Reykjavik, the capital of Iceland and its surroundings, is the home of more than half of the country's 320 000 inhabitants. Named after the steam from the geothermal areas the city is now known for its clean air and beautiful surroundings. In Reykjavik you have opportunities for historical sites, natural beauty, museums and galleries, public parks, excellent shopping, a wide range of leisure activities, hotels, restaurants and a remarkably lively artistic scene.
The official tourism website of the Reykjavík Capital Area is: www.visitreykjavik.is
Top 10 things to do in Reykjavik
Stroll around the city centre, admire the colourful old houses and enjoy the relaxing atmosphere by Tjornin Lake
Lake Tjornin is a small lake, a peaceful oasis, in Reykjavik city centre. The lake harbours varied birdlife (many arctic bird species, swans and ducks) which makes it a favourite spot for young families to go feed the ducks, or just take a stroll around the lake.
In the winter when the lake freezes over, people sometimes go skating or play ice-hockey on the lake. An interesting fact is that the lake is heated (with geothermal water) during the winter so a small part of it stays unfrozen when the rest is frozen - there is a certain group of geese who always stay here throughout the winter, who would otherwise travel to southern Europe!
Soak your stress away in one of the city’s relaxing thermal pools
One of the delights of a visit to Reykjavik is bathing in one of the many thermal pools, filled with geothermally heated water, which are found in every district of the city. Abundant resources of geothermal springs mean that the pools are always pleasantly warm, whatever the weather. Most pools are open-air. All have outdoor whirlpools or 'hot-pots' to bask in before or after swimming, and most have waterslides for the young (and young at heart).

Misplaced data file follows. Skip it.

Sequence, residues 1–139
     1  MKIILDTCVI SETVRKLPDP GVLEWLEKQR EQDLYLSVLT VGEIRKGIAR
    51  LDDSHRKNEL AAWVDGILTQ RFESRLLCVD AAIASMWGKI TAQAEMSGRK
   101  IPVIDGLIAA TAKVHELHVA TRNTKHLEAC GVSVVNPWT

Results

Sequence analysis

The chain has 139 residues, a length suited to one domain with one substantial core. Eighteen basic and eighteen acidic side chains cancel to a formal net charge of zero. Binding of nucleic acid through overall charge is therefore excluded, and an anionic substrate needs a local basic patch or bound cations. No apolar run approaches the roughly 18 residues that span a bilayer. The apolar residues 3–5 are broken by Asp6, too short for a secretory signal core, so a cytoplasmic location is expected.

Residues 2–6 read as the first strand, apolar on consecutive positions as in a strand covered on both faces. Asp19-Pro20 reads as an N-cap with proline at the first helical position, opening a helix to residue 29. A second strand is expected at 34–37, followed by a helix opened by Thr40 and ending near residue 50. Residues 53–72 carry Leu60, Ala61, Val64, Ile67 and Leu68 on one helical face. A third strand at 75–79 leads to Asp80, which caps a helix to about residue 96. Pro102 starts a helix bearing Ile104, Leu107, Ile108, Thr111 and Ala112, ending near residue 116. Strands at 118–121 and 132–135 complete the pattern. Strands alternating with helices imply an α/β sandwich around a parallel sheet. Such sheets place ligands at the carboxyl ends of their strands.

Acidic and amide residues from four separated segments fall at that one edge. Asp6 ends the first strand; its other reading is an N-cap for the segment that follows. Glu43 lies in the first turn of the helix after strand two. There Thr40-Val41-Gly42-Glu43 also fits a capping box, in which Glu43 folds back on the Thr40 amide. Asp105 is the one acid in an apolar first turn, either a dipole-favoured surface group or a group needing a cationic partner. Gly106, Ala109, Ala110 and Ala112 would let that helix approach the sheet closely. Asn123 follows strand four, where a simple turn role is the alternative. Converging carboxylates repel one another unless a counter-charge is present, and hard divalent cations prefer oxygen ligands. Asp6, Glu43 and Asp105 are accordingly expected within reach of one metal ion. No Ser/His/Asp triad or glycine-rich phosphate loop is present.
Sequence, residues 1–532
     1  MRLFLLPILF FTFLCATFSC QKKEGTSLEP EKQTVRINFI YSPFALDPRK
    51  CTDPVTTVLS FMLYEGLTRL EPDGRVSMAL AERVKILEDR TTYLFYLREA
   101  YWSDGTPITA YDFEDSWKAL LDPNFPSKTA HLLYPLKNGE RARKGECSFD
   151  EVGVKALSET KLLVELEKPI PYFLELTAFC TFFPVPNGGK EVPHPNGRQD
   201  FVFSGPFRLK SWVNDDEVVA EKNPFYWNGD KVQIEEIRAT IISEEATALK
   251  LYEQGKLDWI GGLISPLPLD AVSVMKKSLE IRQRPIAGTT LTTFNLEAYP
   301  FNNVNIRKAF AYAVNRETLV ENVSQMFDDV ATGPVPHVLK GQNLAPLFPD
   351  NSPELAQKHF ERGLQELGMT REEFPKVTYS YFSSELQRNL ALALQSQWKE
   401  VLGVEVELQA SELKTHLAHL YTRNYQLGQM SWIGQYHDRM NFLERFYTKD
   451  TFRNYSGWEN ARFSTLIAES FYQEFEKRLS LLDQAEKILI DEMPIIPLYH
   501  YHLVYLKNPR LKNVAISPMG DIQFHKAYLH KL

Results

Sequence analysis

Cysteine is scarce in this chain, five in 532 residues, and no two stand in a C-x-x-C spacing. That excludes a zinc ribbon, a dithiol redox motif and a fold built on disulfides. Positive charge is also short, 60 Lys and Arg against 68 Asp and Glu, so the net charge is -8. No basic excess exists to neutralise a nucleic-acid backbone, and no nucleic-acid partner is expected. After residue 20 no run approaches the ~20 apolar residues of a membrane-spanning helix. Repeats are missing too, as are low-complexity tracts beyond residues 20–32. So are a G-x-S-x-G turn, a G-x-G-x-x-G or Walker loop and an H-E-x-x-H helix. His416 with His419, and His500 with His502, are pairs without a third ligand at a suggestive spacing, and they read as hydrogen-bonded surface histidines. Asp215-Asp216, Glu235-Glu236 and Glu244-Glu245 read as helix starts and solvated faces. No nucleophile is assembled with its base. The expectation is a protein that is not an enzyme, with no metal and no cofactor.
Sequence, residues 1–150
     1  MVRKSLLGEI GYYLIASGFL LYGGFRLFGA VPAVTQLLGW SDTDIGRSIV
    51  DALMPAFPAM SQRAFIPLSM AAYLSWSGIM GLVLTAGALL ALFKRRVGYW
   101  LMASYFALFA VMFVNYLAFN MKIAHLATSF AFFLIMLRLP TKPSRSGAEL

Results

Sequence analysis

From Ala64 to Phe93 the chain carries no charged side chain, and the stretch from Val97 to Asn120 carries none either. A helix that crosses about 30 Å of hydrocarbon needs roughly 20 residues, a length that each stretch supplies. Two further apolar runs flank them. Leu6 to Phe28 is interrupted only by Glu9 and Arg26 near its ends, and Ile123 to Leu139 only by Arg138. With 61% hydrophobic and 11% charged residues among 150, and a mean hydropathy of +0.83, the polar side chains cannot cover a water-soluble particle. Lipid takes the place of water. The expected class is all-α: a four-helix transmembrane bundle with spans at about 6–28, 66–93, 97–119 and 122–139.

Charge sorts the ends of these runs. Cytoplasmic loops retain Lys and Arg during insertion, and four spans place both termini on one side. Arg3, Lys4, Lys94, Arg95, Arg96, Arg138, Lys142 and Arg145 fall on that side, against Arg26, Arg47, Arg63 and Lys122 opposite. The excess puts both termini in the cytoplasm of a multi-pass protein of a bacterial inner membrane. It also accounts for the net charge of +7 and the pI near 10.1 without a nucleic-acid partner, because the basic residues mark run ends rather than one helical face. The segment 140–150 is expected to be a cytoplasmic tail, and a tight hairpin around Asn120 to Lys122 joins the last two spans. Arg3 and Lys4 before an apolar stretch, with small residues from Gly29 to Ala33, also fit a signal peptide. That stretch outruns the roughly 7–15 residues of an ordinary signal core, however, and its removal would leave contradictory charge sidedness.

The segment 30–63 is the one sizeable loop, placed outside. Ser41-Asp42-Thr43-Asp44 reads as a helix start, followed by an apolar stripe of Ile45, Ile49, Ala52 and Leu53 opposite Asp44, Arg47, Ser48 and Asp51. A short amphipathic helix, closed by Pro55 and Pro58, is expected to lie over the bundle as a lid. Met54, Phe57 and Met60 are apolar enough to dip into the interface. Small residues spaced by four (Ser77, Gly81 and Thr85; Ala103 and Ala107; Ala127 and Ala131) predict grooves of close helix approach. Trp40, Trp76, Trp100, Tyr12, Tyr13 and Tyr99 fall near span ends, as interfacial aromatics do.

Reykjavik’s thermal pools are open from early morning until late in the evening; swimming costumes and towels are available for a small fee. A ten-visit season ticket is valid for all the city pools. There is simply no cheaper or healthier way to experience Reykjavik and to get to know the locals!
Climb up Hallgrimskirkja church tower for a panoramic view of the city
Hallgrimskirkja church is Reykjavik's main landmark and its tower can be seen from almost everywhere in the city. It is located at the top of shopping street Skolavordustigur.
The concrete building was designed by former state architect Gudjon Samuelson and is meant to resemble volcanic basalt rock formations. The church was built over 40 years and opened in 1986. It is named after Reverend and hymn writer Hallgrimur Petursson.
Hallgrimskirkja is the largest church in Iceland. The 73-metre high church tower provides excellent views all over Reykjavik. In front of the church is a statue of Iceland-born Leifur Eiriksson, aka 'Leif the Lucky', the first European to discover America around 1,000 A.D.
Indulge your interest in Iceland’s fascinating cultural heritage or cutting edge art at one of the city’s many museums and galleries
A fascinating Viking heritage and the latest in visual arts can be explored in the city's many museums and galleries. Learn about the history of the Icelandic nation at the National Museum, view a Viking age longhouse at the new Reykjavik 871 +/-2 Settlement Exhibition and get acquainted with Iceland's unique literary heritage at the Culture House.
Visual art flourishes in the city. The flagship galleries are the National Gallery and the three-fold Reykjavik Art Museum (Kjarvalsstadir, Harbour House and Asmundur Sveinsson sculpture museum). Adding colour to the scene is a rich array of exhibition venues ranging from specialised museums and smaller art galleries to the city streets. Other exhibition venues in the Reykjavik Capital Area include the open-air folk museum Arbaejarsafn, Museum of Photography and Numismatic, Electrical and Telecommunications museums, to name but a few.